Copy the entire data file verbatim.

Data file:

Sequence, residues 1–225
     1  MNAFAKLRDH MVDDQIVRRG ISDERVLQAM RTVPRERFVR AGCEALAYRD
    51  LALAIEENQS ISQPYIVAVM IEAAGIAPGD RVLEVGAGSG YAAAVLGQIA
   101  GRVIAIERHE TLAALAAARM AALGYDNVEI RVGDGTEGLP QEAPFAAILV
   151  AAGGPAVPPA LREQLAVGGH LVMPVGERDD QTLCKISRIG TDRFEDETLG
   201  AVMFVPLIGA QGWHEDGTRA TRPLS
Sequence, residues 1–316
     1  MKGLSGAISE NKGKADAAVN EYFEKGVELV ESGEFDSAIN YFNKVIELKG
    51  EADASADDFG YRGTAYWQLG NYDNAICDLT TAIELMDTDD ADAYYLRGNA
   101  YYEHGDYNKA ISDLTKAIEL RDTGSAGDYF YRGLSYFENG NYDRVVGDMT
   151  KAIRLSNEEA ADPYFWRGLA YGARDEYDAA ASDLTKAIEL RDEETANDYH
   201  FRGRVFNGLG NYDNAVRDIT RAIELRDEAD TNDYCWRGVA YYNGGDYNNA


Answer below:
Sequence, residues 1–225
     1  MNAFAKLRDH MVDDQIVRRG ISDERVLQAM RTVPRERFVR AGCEALAYRD
    51  LALAIEENQS ISQPYIVAVM IEAAGIAPGD RVLEVGAGSG YAAAVLGQIA
   101  GRVIAIERHE TLAALAAARM AALGYDNVEI RVGDGTEGLP QEAPFAAILV
   151  AAGGPAVPPA LREQLAVGGH LVMPVGERDD QTLCKISRIG TDRFEDETLG
   201  AVMFVPLIGA QGWHEDGTRA TRPLS
Sequence, residues 1–316
     1  MKGLSGAISE NKGKADAAVN EYFEKGVELV ESGEFDSAIN YFNKVIELKG
    51  EADASADDFG YRGTAYWQLG NYDNAICDLT TAIELMDTDD ADAYYLRGNA
   101  YYEHGDYNKA ISDLTKAIEL RDTGSAGDYF YRGLSYFENG NYDRVVGDMT
   151  KAIRLSNEEA ADPYFWRGLA YGARDEYDAA ASDLTKAIEL RDEETANDYH
   201  FRGRVFNGLG NYDNAVRDIT RAIELRDEAD TNDYCWRGVA YYNGGDYNNA